Drill tests response to freight train wreck 2 weeks after real thing

D.C. firefighters and paramedics treat dummy patients during a freight train drill at the Benning Road Rail Yard Wednesday, May 18, 2016. The training exercise had been in the works for months before a CSX train derailed in D.C. on May 1. (WTOP/John Aaron)
Firefighters respond to a drill involving a freight train at the Benning Road Rail Yard Wednesday, May 18, 2016. The blue safety train emits simulated smoke as part of the drill. Planning for the drill had been in the works for months before a CSX train derailed in D.C. two weeks ago releasing hundreds of gallons of lye. (WTOP/John Aaron)
Firefighters respond to a drill involving a freight train at the Benning Road Rail Yard Wednesday, May 18, 2016. Planning for the drill had been in the works for months before a CSX train derailed in D.C. two weeks ago. (WTOP/John Aaron)
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WASHINGTON — More than two weeks after a CSX train derailed near the Rhode Island Avenue Metro station and spilled a hazardous chemical, the railroad and numerous other agencies held an emergency response drill for a similar, but even more serious, event.

The simulation at the Benning Rail Yard in Southeast involved a CSX train hitting an automobile and releasing a toxic chemical that would have prompted an evacuation of the surrounding area.

“The chemical scenario we’re practicing is much worse,” than the scenario firefighters faced during the actual derailment on May 1, said Deputy Chief John Donnelly with D.C. Fire and EMS.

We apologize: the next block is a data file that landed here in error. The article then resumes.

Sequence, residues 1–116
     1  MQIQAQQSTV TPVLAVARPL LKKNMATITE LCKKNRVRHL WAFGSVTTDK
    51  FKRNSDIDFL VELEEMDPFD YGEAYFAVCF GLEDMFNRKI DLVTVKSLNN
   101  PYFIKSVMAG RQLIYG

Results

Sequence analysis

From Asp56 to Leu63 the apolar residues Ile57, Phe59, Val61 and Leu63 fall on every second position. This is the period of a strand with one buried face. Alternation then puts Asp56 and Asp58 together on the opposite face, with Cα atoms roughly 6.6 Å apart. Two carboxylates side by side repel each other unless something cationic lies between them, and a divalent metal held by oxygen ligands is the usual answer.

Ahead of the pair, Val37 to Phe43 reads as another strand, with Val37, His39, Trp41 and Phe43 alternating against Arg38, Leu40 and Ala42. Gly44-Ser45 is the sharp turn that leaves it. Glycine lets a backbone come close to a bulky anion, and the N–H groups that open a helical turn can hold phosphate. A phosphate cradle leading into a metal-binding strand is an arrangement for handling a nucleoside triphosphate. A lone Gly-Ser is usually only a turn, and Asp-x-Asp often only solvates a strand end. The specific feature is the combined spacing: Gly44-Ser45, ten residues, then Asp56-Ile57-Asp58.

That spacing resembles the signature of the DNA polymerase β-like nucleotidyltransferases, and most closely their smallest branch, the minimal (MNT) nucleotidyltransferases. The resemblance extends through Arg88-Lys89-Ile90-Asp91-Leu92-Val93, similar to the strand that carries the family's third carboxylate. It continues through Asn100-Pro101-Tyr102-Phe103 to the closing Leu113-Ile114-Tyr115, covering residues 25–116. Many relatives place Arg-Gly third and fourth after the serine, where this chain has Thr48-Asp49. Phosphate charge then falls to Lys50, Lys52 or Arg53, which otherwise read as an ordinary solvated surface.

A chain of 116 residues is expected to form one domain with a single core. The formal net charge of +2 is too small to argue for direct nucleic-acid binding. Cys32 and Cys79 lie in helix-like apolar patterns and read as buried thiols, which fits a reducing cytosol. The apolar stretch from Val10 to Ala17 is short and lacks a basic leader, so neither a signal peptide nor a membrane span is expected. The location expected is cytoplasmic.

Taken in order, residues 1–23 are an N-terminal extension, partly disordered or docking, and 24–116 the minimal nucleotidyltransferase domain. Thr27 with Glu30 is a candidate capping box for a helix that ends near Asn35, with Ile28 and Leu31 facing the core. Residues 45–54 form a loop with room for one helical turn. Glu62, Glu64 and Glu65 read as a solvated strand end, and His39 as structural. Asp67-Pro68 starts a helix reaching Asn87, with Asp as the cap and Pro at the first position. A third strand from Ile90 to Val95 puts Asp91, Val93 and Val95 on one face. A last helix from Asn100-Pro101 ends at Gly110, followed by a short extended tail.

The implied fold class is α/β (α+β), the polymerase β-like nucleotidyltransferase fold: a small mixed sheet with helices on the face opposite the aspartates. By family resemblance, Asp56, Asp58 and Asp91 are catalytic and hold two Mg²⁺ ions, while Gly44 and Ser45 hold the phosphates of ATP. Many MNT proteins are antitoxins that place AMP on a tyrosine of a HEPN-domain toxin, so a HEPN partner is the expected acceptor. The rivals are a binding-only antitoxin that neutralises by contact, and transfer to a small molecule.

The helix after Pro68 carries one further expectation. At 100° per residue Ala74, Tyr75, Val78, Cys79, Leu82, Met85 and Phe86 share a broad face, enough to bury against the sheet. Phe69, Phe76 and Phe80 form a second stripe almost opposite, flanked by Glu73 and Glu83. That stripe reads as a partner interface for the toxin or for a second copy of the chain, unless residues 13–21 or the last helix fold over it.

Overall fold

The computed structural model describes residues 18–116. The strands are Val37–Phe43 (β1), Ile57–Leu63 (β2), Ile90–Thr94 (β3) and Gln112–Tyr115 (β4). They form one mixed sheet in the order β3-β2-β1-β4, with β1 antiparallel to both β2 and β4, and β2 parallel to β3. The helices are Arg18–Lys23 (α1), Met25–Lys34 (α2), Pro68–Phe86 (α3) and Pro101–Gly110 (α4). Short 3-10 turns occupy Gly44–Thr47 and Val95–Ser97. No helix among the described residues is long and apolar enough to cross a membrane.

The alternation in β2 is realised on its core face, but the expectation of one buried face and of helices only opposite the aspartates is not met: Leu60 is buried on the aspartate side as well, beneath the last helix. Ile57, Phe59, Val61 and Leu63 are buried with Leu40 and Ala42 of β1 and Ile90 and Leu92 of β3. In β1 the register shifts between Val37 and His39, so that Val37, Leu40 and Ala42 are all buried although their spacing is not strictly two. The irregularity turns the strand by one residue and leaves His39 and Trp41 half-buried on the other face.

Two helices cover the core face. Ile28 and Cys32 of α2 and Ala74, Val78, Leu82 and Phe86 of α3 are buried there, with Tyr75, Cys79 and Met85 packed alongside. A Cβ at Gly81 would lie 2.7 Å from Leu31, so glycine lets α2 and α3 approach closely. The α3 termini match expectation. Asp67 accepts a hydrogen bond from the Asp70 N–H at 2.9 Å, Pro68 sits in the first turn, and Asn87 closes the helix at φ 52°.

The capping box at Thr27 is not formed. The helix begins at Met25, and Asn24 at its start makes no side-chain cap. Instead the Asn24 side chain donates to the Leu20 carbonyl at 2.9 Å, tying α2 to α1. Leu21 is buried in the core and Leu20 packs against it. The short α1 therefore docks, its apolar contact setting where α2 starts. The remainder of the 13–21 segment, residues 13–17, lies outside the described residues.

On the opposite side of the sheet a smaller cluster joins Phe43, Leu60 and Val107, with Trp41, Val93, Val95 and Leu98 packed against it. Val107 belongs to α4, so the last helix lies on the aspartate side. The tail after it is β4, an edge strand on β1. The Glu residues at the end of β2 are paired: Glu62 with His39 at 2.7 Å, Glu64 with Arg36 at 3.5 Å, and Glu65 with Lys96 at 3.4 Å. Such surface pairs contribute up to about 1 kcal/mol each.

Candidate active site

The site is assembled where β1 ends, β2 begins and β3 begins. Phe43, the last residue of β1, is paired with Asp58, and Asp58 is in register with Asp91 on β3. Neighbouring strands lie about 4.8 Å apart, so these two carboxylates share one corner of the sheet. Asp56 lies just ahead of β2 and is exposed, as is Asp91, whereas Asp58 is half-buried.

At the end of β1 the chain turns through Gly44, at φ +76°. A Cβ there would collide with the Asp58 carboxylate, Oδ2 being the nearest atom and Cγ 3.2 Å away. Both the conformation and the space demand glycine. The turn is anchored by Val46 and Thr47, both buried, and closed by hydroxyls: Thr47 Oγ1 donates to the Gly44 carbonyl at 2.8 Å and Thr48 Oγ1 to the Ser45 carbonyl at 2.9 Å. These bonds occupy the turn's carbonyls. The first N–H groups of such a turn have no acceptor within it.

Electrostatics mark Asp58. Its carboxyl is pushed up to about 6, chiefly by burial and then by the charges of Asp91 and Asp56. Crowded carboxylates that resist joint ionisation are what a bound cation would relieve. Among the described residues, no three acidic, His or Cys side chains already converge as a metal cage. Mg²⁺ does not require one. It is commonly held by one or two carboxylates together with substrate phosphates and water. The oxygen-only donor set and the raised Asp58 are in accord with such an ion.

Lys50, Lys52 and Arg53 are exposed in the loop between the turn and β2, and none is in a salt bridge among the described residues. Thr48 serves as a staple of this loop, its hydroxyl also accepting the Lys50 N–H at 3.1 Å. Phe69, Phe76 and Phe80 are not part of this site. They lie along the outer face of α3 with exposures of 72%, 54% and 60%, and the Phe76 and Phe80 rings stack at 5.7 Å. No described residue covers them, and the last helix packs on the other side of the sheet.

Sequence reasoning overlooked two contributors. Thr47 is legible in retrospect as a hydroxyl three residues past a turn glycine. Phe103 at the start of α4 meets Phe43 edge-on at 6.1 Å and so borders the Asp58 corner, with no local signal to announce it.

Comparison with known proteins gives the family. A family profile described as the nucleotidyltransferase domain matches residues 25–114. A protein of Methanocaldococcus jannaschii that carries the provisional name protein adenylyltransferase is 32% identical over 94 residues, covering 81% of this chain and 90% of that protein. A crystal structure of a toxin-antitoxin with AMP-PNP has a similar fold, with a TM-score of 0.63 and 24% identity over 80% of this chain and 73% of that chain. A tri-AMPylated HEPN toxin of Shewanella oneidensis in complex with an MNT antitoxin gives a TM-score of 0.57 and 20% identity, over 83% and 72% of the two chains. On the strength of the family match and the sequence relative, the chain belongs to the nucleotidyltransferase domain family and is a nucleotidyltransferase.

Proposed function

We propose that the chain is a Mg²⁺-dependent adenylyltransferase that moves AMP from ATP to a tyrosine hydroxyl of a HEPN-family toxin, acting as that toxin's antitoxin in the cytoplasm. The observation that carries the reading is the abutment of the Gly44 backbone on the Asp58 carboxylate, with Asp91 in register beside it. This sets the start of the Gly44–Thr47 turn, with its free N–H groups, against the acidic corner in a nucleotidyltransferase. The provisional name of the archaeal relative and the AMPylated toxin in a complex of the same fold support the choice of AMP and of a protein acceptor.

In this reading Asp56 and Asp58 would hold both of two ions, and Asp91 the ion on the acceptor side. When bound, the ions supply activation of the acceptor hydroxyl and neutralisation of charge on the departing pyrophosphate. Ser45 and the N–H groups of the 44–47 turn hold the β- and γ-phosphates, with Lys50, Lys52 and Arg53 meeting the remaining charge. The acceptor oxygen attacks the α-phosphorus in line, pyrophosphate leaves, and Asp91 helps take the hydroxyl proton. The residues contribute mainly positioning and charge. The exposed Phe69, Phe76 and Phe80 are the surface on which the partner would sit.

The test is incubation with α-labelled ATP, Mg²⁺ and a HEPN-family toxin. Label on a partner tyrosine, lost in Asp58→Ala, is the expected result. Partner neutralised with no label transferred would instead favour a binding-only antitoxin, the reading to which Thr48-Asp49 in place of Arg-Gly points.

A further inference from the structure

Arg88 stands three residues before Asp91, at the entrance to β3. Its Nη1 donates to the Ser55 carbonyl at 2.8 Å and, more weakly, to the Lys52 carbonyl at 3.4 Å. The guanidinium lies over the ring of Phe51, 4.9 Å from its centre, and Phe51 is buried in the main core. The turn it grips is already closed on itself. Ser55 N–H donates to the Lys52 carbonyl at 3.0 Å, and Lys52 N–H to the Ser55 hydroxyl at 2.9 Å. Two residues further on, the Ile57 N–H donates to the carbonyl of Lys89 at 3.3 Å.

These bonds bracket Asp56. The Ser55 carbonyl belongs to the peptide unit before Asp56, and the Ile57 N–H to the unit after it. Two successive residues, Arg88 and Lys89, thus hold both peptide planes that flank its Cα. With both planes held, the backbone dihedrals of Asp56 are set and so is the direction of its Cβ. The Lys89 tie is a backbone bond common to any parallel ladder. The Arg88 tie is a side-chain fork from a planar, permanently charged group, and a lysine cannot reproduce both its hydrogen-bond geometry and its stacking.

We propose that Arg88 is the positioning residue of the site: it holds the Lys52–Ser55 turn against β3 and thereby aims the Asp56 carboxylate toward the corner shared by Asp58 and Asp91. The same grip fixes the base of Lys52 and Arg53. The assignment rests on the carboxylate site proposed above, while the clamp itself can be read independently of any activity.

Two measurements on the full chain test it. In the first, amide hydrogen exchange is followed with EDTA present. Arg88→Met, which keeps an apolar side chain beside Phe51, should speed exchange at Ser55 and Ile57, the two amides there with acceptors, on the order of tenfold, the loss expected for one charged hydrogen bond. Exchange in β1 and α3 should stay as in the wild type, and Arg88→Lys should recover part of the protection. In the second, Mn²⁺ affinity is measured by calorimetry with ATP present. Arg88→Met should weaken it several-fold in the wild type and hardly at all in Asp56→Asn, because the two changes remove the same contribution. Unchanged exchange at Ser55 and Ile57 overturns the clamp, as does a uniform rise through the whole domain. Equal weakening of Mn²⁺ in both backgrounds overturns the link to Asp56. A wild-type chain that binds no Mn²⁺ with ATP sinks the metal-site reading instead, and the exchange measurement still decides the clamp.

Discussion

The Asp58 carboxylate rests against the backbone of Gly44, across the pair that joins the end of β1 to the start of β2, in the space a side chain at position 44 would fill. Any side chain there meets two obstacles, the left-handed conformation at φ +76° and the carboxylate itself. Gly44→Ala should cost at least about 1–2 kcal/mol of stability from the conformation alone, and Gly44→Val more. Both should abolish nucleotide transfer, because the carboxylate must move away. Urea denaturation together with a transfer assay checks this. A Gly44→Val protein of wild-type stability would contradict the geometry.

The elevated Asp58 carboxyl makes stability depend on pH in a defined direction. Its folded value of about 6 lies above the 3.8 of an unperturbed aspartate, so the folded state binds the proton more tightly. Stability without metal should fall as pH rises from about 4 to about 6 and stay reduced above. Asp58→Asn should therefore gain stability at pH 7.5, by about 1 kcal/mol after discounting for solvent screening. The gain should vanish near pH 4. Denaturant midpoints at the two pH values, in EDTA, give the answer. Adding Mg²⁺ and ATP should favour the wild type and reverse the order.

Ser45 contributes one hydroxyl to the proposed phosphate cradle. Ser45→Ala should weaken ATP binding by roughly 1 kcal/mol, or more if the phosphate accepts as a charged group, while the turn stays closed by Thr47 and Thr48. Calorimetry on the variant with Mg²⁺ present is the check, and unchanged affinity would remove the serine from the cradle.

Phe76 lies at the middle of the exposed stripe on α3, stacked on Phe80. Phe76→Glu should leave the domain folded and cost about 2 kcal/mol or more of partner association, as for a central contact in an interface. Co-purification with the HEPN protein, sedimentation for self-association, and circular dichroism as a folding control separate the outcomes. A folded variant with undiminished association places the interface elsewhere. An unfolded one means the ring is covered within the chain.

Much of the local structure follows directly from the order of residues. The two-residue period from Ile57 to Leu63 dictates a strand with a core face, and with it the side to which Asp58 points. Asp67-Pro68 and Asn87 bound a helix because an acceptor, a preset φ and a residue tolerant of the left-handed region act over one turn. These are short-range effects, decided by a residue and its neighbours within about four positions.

Donnelly said in the event of a real evacuation, emergency workers would go door-to-door and use loudspeakers to alert those in the affected area. Emergency alerts would also be sent out to those who had signed up for them. Fire and EMS leaders would work with the D.C. Emergency Management Agency and D.C. police to determine what areas needed to be evacuated, based on the type of chemical and the severity of the spill.

Also taking part in the drill were volunteers at MedStar Georgetown University Hospital, allowing staff to practice decontamination and treatment. A sheltering operation was set up at the Fort Davis Community Center in Southeast for those who would be displaced in an emergency.

Officials said the exercise had been in the works for months before the May 1 derailment. No evacuation was ordered then. Sixteen cars derailed and 750 gallons of sodium hydroxide — also known as lye — had to be cleaned up.

The cause of the derailment remains under investigation, which could take up to a year to complete, the Federal Railroad Administration said.

Donnelly said training like Wednesday’s daylong drill is invaluable, and that the hazmat officer who first arrived on scene for the Rhode Island Avenue derailment had just completed training provided by CSX in Colorado.

“He got to put that training right to work,” Donnelly says.

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